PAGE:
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Consider two $n$-dimensional minimal surfaces without boundary. Suppose they are embedded in some $\mathbb{R}^m$ in such a way that they intersect transversally. Is their intersection a minimal surface? For example, when two hyperspheres overlap, their intersection is another, lower dimensional hypersphere, which is minimal (notice I am only counting the intersection of the surfaces of the spheres, not the interiors). Is this true in general?

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    $\begingroup$ Is the hypersphere a minimal surface? $\endgroup$ – Fan Zheng Nov 3 '17 at 5:07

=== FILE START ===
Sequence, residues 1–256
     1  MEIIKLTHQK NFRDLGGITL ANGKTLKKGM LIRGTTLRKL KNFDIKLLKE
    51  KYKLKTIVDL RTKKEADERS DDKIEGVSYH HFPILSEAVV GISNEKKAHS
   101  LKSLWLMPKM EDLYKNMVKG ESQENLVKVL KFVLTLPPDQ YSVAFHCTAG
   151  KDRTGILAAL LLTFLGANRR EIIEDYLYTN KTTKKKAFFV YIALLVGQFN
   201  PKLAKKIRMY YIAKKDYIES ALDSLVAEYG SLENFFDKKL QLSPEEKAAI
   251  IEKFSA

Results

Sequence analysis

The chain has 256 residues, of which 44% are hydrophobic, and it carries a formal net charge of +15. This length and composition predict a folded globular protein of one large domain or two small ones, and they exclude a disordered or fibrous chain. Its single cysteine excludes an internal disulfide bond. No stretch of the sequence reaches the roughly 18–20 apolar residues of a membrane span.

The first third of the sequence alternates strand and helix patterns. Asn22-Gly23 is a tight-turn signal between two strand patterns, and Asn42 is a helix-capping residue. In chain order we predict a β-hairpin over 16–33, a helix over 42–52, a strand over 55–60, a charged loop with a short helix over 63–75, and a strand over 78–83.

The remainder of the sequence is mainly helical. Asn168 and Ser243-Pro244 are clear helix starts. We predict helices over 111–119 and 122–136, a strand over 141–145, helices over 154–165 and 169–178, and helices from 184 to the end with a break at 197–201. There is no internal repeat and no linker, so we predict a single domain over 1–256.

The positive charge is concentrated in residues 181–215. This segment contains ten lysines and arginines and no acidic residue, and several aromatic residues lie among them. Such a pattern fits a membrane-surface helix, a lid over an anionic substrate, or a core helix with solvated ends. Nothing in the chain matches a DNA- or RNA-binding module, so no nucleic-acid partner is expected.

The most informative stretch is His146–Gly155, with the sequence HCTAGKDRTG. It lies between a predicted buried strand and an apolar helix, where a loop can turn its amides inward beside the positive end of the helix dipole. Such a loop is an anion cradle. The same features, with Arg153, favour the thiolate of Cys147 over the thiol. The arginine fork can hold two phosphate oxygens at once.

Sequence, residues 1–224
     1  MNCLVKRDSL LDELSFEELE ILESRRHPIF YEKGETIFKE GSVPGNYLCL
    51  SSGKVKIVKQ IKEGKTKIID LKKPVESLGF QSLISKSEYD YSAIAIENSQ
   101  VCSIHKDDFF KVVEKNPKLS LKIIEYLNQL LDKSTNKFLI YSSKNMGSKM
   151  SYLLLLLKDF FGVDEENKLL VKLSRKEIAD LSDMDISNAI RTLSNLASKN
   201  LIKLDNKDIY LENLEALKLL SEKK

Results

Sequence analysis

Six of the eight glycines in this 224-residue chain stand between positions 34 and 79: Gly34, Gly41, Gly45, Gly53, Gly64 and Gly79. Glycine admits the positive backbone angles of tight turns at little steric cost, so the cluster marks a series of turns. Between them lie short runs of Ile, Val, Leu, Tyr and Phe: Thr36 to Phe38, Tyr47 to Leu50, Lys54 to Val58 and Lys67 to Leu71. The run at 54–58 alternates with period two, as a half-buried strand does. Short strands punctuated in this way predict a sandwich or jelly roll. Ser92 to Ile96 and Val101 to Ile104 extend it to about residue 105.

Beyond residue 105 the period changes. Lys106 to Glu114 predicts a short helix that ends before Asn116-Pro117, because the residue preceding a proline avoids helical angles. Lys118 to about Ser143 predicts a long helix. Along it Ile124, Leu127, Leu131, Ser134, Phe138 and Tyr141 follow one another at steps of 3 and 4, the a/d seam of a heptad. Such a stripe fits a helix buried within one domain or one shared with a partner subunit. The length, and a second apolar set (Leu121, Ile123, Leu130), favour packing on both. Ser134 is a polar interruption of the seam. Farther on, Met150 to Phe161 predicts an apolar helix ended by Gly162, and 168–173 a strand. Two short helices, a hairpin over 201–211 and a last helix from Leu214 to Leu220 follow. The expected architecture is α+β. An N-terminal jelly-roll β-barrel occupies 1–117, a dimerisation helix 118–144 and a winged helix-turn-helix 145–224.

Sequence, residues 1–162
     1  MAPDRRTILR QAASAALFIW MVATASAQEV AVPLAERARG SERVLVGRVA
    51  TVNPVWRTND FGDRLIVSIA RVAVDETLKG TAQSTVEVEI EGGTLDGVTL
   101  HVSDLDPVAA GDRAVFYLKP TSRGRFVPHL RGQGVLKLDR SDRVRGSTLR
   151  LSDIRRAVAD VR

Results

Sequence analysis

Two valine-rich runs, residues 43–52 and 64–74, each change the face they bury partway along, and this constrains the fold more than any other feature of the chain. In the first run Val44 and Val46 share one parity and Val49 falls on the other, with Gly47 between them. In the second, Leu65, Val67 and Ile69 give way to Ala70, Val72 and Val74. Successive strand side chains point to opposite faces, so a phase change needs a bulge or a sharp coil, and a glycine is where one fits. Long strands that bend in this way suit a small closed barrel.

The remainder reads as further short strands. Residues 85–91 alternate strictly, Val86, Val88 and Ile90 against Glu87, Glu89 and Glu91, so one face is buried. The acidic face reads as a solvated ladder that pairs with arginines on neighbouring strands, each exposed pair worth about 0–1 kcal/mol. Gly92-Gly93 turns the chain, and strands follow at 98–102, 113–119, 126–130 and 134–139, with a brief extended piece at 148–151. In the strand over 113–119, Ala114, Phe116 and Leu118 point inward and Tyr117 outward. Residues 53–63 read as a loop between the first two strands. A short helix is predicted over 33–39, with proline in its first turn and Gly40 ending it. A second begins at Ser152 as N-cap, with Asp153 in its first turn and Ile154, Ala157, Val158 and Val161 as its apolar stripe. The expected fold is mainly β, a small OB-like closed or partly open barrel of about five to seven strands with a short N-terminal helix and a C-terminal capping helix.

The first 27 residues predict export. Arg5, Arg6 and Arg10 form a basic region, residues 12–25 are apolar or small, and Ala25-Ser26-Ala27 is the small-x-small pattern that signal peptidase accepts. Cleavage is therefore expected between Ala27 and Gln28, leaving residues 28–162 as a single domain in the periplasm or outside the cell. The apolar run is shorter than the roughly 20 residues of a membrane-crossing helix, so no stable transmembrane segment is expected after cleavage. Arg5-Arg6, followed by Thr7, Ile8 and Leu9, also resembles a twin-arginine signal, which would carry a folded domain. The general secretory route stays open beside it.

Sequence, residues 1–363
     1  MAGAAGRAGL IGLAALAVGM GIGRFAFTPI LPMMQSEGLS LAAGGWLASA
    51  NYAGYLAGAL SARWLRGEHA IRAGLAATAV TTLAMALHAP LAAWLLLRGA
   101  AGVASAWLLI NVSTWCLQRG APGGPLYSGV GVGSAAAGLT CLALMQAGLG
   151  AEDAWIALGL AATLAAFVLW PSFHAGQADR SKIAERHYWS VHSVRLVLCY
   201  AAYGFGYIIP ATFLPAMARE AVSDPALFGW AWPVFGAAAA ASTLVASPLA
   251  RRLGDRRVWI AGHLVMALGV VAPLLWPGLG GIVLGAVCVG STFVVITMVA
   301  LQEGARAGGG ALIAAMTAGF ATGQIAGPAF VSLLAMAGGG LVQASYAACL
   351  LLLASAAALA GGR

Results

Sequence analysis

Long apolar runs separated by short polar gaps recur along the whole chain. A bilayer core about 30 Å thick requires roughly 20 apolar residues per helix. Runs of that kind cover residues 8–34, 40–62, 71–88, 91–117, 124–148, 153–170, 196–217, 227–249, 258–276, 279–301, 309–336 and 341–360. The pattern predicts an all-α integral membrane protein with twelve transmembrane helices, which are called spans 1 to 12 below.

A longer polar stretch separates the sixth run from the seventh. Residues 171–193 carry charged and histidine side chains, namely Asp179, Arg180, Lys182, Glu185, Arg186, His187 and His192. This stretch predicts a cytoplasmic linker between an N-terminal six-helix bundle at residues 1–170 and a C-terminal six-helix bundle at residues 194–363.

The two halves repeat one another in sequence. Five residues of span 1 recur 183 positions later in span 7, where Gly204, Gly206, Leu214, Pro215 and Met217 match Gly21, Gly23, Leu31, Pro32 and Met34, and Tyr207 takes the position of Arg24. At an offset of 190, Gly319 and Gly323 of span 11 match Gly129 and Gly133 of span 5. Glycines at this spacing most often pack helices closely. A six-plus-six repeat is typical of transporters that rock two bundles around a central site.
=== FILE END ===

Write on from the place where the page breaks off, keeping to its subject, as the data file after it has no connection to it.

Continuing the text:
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No: consider the catenoid in euclidean 3-space and intersect it with a plane which is perpendicular to the symmetry axis of the catenoid. The intersection is a circle, which is not s geodesic (minimal surface of dimension 1).

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